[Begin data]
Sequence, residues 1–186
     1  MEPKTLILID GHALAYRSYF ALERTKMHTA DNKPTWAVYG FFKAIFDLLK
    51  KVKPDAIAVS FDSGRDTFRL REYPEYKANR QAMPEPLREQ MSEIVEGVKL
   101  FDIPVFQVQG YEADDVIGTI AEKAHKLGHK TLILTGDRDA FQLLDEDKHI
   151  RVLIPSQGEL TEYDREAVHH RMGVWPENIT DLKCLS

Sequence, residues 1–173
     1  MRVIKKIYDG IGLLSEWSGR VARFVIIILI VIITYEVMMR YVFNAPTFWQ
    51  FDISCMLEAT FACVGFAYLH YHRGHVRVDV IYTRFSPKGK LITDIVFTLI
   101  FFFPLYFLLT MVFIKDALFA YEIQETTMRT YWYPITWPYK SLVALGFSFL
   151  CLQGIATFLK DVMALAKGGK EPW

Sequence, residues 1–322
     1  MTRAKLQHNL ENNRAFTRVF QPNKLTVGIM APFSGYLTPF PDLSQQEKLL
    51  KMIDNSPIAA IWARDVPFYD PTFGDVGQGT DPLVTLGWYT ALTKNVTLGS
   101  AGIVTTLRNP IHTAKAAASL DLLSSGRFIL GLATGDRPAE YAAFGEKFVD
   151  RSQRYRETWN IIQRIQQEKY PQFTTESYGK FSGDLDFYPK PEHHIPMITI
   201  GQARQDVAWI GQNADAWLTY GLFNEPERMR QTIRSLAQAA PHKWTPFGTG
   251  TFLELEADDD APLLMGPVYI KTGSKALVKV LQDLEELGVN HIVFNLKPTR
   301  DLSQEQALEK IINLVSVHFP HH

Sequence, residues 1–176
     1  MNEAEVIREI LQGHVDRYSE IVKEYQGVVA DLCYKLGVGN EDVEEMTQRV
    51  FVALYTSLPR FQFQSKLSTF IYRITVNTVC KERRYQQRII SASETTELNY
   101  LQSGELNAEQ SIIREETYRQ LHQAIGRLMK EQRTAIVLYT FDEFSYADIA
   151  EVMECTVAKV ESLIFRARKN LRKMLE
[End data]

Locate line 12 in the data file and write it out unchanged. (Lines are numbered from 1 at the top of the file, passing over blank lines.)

     1  MTRAKLQHNL ENNRAFTRVF QPNKLTVGIM APFSGYLTPF PDLSQQEKLL